Cambodia’s Prime Minister Hun Sen has ordered the head of a recently established anti-logging committee to get tough on the country’s illegal timber trade by blasting smugglers with rockets fired from helicopters.
But local rights groups and the opposition said Hun Sen’s order failed to address the root causes of illegal logging in Cambodia and urged him to take action against high-ranking officials and businessmen who are profiting from the trade.
Speaking at the inauguration of the new headquarters of the Ministry of Environment on Thursday, the prime minister called on National Military Police Commander and head of the 10-member Coalition Committee for Forest Crime Prevention Sao Sokha to use deadly force against timber traffickers.
“We acknowledge that the loggers must be punished and must be cracked down on,” he said, in response to a string of reports by local media of increased timber smuggling.
“I provided two helicopters to Sao Sokha, who has not fired a single shot so far. I [now] permit firing. If [illegal loggers] are defiant, then just fire rockets at them from above.”
Speaking in response to Hun Sen’s order, Coalition Committee for Forest Crime Prevention spokesman Eng Hy told the The Phnom Penh Post that there had been no reason to fire rockets, as no loggers had shot at authorities during the latest crackdowns.
He added that forestry crimes had decreased since Hun Sen established the committee at the end of January.
Hun Sen has promised to crack down on forestry crimes in the past and famously pledged to “cut off my own head” if he was unable to resolve the problem.
But in a 2015 report, local NGO Forest Trends found that an average of 2,000 square kilometers (772 square miles) of forests were being destroyed annually in Cambodia due to government granted land concessions.
While illegal logging continues, forest activists have faced harassment and jailing by authorities, and in some cases have even been killed while carrying out investigations into the trade.
Neang Sovath, a provincial coordinator for local rights group Adhoc, told RFA’s Khmer Service that Hun Sen’s efforts to rein in the illegal harvest of timber had so far yielded only temporary results.
Instead, Hun Sen should take action against a number of high-ranking officials and businessmen who are trading in timber, he said.
“Prime Minister Hun Sen has made a number of recommendations, but none are sustainable—the measures only have temporary effect,” Neang Sovath said.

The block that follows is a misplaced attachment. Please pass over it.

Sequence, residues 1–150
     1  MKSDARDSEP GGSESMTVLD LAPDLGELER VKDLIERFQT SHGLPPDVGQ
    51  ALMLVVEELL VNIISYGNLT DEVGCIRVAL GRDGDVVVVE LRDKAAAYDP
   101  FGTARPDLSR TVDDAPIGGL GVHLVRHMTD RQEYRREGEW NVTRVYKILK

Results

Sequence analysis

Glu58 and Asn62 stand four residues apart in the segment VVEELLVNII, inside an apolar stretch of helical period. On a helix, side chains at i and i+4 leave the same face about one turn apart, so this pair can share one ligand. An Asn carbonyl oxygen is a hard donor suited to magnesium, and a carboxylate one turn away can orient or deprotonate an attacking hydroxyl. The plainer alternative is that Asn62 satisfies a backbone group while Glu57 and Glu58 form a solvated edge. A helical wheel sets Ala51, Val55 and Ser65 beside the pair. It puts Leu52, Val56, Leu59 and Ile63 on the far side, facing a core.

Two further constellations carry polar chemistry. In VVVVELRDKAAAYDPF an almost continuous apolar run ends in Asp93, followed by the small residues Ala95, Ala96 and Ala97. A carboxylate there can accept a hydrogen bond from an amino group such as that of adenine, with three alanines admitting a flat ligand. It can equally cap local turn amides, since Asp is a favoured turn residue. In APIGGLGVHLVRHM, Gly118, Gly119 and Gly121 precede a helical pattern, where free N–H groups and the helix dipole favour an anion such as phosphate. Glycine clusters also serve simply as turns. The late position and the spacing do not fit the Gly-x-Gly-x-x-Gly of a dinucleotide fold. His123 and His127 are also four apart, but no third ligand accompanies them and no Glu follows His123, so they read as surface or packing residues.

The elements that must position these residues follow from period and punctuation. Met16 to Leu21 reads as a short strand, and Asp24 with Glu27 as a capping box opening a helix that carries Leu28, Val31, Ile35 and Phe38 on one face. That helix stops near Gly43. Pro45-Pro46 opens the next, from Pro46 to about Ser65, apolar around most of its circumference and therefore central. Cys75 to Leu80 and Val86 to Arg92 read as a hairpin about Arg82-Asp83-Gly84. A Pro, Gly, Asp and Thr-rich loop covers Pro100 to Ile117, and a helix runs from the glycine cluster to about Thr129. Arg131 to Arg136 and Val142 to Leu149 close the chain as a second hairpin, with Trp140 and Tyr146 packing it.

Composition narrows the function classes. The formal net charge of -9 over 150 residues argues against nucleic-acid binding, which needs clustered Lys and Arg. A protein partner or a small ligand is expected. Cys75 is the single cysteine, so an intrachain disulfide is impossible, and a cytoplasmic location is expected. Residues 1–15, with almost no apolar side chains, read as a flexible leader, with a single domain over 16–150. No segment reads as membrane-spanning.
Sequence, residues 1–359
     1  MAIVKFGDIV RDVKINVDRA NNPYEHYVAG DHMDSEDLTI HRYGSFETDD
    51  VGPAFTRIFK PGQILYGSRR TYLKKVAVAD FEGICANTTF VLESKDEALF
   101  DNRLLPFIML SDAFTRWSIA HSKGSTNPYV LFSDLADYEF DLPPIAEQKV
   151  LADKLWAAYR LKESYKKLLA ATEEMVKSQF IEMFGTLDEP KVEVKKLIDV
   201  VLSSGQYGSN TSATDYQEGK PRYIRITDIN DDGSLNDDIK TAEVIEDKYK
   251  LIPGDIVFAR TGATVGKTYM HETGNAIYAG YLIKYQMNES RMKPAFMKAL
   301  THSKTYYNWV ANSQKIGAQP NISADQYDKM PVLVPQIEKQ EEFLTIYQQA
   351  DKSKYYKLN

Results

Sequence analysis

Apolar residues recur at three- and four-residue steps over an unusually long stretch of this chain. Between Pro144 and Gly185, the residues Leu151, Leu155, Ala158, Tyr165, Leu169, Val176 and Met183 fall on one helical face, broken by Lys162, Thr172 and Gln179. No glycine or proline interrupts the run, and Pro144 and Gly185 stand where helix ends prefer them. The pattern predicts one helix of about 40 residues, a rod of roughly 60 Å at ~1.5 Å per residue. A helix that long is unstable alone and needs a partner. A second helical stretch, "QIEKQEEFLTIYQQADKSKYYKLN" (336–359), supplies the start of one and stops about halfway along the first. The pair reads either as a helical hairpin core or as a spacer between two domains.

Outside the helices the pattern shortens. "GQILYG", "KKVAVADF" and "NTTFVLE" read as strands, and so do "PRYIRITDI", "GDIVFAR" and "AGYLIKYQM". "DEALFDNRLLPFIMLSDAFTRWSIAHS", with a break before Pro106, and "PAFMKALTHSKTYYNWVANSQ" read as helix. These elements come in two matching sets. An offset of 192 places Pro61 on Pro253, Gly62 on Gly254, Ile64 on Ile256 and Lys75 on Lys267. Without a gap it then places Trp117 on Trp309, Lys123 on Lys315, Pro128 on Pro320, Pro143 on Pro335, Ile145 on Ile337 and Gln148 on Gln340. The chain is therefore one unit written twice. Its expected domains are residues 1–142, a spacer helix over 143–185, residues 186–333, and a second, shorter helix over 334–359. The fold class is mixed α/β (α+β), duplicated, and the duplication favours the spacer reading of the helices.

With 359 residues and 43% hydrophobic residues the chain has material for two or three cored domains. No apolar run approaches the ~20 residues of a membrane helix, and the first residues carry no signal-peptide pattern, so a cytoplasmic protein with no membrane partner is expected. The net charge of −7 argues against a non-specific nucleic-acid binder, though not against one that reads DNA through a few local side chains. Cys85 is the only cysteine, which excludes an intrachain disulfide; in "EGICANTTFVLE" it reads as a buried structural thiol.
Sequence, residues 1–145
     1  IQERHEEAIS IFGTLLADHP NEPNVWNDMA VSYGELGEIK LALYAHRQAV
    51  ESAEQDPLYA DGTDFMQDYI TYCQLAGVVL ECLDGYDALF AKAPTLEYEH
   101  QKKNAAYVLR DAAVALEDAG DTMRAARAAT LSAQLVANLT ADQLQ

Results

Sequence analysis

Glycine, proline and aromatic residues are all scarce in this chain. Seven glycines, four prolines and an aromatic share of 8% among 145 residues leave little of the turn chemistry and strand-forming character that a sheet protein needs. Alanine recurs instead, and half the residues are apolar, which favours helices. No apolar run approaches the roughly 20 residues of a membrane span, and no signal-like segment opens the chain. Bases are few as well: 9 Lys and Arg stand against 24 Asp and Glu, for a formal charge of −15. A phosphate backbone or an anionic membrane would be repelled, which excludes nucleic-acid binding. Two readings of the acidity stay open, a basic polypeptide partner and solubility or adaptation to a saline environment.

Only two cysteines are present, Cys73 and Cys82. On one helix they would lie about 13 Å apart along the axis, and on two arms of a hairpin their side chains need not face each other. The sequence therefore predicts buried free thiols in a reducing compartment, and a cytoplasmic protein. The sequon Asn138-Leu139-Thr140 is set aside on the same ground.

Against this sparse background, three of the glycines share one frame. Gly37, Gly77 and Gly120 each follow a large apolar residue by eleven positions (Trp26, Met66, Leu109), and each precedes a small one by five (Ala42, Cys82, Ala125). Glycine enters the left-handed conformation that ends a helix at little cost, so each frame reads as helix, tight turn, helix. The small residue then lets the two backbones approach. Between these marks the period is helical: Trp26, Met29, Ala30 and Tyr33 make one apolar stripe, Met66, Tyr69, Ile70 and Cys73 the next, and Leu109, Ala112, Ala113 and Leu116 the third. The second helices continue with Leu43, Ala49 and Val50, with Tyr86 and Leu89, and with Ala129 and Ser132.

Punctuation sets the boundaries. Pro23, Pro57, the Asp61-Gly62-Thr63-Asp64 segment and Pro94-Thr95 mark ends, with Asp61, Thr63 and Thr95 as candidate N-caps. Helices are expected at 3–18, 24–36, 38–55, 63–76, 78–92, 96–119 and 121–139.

“[Because of this], the loggers just cut and cut and cut—whatever they want. There have been lots of posts on Facebook which show [illegal logging] activities, but such posts are [largely] ignored.”
Yem Ponhearith, a lawmaker representing Prey Veng province for the opposition Cambodia National Rescue Party (CNRP), told RFA that Hun Sen had operated outside of his authority by ordering the Coalition Committee to fire rockets at illegal loggers.
He said that any crackdown should only come after a thorough investigation into the masterminds behind the trade and must be handled within the framework of the law.
“We can see that there is still ongoing deforestation in the country, but any measures taken must involve legal methods,” he said.
Last month, Hun Sen established the Coalition Committee for Forest Crime Prevention to stop the smuggling of timber across the border to Vietnam and warned that he will remove the governor of Tbong Khmum province—which serves as the main gateway for the logs—if he fails to curb the illegal activities.
Hun Sen specifically singled out two wealthy businessmen—Soeng Sam Ol and Lim Bunna—as the reported leaders of timber smuggling rings in Tbong Khmum, saying they had been smuggling wood to Vietnam.
Cambodia has one of the highest rates of deforestation in the world, largely due to illegal logging. A report issued last year by the U.K. environmental rights group Global Witness found that government and military officials collude with businessmen to illegally cut and transport Cambodian timber mainly to China.
Reported by RFA’s Khmer Service. Translated by Pagnawath Khun. Written in English by Joshua Lipes.